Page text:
The factors that could influence oral health in cases and controls, the P-value on univariate analysis and the adjusted P-value on multivariate analysis are shown in Table 1. The dental and periodontal health parameters in cases and controls are listed in Table 2.

Table 2: Dental and periodontal parameters in patients with psoriasis and/or psoriatic arthritis and controls
Parameter Psoriasis or psoriatic arthritis (n= 100) Controls (n = 100) P-value* Adjusted P-value**
Gingival bleeding scores- n (%)
 0 (absence of condition) 7 (7%) 29 (29%) 0.000# 0.094
 1 (presence of condition) 93 (93%) 71 (71%) (<0.001)
Pocket scores- n (%)
 0 (absence of condition) 30 (30%) 70 (70%) 0.069
 1 (pocket of 4–5 mm) 53 (53%) 28 (28%) 0.000# 0.193
 2 (pocket of 6 mm or more) 17 (17%) 2 (2%) (<0.001) 0.024#
Loss of attachment- n (%)
 0 (0–3 mm) 36 (36%) 73 (73%) 0.365
 1 (4–5 mm) 43 (43%) 18 (18%) 0.000# 0.103
 2 (6–8 mm) 17 (17%) 8 (8%) (<0.001) 0.550
 3 (9–11 mm) 4 (4%) 1 (1%) 0.321
Decayed (D)
 Mean (SD) 1.35 (2.17) 0.81 0.136 −−
 Median (IQR) 0 (2) 1.35 (1)
 Minimum, maximum 0, 11 0, 8
Missing (M)
 Mean (SD) 0.96 (1.81) 0.91 (1.82) 0.329 −−
 Median (IQR) 0 (1) 0 (1)
 Minimum, maximum 0, 10 0, 9
Filling (F) 0.164
 Mean (SD) 0.54 (1.51) 0.81 (1.79) −−
 Median (IQR) 0 (0) 0 (1)
 Minimum, maximum 0, 9 0, 8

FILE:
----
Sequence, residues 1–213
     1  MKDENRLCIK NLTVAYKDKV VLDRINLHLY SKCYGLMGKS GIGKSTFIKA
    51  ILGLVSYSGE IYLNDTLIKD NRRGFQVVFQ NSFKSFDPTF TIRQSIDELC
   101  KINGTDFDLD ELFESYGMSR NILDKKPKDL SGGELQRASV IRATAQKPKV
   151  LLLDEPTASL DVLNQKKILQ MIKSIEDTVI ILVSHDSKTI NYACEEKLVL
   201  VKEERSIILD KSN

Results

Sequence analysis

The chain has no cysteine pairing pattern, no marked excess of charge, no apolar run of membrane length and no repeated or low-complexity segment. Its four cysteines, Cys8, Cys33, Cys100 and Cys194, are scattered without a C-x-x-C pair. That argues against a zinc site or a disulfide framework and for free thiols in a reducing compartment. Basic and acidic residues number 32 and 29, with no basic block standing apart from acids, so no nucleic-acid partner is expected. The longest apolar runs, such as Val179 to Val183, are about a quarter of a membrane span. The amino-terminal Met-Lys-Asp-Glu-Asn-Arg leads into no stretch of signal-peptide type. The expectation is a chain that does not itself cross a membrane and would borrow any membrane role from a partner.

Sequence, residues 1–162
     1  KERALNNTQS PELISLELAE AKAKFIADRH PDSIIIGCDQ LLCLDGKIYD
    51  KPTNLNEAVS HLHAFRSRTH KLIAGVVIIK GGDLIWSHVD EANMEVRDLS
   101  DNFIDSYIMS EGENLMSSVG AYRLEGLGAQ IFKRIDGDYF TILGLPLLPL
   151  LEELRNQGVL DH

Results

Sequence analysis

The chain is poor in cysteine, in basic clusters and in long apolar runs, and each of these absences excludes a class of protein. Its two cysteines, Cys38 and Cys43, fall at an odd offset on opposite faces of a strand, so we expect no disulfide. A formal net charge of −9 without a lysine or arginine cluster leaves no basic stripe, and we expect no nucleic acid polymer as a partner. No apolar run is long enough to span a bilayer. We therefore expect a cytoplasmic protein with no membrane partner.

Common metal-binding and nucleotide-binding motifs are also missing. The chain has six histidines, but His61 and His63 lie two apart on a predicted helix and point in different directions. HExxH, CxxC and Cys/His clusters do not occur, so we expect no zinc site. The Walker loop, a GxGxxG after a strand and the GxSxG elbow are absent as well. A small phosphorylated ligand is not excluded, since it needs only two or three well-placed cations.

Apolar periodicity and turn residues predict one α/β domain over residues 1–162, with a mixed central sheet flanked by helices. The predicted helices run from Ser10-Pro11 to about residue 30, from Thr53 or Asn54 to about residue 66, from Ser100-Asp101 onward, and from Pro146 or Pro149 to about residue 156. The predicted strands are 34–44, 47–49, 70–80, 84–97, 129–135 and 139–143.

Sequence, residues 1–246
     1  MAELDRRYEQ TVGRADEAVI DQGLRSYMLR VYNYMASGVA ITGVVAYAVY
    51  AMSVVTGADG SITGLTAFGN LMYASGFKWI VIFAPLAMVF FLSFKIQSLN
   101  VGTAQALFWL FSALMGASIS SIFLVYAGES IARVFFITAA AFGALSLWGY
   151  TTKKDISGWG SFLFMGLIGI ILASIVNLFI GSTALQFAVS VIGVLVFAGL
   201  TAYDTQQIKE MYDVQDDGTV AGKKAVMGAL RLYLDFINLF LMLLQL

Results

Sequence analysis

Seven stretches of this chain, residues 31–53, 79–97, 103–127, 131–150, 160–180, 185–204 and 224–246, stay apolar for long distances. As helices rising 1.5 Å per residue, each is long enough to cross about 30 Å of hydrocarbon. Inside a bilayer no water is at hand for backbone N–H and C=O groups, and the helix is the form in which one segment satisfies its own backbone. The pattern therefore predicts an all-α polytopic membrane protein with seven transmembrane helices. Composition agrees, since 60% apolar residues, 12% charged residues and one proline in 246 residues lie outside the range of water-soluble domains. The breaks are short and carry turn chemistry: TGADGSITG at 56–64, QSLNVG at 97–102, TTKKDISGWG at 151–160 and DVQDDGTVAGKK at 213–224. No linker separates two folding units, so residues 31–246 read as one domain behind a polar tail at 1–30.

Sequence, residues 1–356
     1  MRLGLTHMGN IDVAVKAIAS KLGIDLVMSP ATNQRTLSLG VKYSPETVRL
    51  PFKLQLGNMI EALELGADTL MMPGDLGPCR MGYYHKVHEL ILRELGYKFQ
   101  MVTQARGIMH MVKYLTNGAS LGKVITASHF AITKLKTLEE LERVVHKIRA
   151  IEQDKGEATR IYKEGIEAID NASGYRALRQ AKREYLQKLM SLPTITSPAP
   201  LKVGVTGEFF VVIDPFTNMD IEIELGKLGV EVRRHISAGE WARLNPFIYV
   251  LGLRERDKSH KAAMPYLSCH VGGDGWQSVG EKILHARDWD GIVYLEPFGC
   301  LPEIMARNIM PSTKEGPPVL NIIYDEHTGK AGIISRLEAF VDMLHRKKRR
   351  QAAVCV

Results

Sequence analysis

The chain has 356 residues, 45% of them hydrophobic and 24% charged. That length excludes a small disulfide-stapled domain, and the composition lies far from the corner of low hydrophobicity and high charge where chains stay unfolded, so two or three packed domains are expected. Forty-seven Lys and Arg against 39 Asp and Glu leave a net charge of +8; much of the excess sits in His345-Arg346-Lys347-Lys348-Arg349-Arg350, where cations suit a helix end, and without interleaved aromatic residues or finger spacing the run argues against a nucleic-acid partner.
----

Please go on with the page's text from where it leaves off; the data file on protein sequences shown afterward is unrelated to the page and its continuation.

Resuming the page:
DMFT index***
 Mean (SD) 2.85 (3.37) 2.53 (3.14) 0.415 −−
 Median (IQR) 2 (4) 1 (4)
 Minimum, maximum 0, 13 0, 13

*Mann-Whitney U or Chi-square test or Fisher’s test as appropriate, **Multivariate Logistic Regression analysis with significant and near significant values, ***DMFT: decayed missed and filled teeth, #Significant and near-significant values, SD: standard deviation, IQR: interquartile range

Multivariate logistic regression in backward conditional analysis for the best fit was performed. The adjusted P-values for bleeding on probing was 0.103 (adjusted odds ratio 2.26; 95% confidence interval 0.847-6.047), for frequency on sugary snacks or beverages it was 0.020 (adjusted odds ratio 2.10; 95% confidence interval 1.126-3.915) while for pocket more than 4 mm in depth it was <0.001 (adjusted odds ratio 3.751; 95% confidence interval 1.904-7.390).

On nested multivariate analysis for pocket depth ≥ 4 mm, psoriatic arthritis retained a significant association (P-value 0.010) whereas Psoriasis Area Severity Index ≥ 10 (P-value 0.313) and Body Surface Area ≥ 10 (P -value 0.140) did not show an independent significant association. On multivariate logistic regression for best fit, psoriatic arthritis showed an adjusted P-value of 0.001 (adjusted odds ratio 16.09, 95% confidence interval 3.176-81.461).

Discussion

Periodontitis is a chronic inflammatory disease that is initiated by an altered sub-gingival biofilm. The gingival inflammation causes bleeding on probing with subsequent loss of the connective tissue attachment of the tooth and alveolar bone loss, clinically manifesting as deep periodontal pockets.12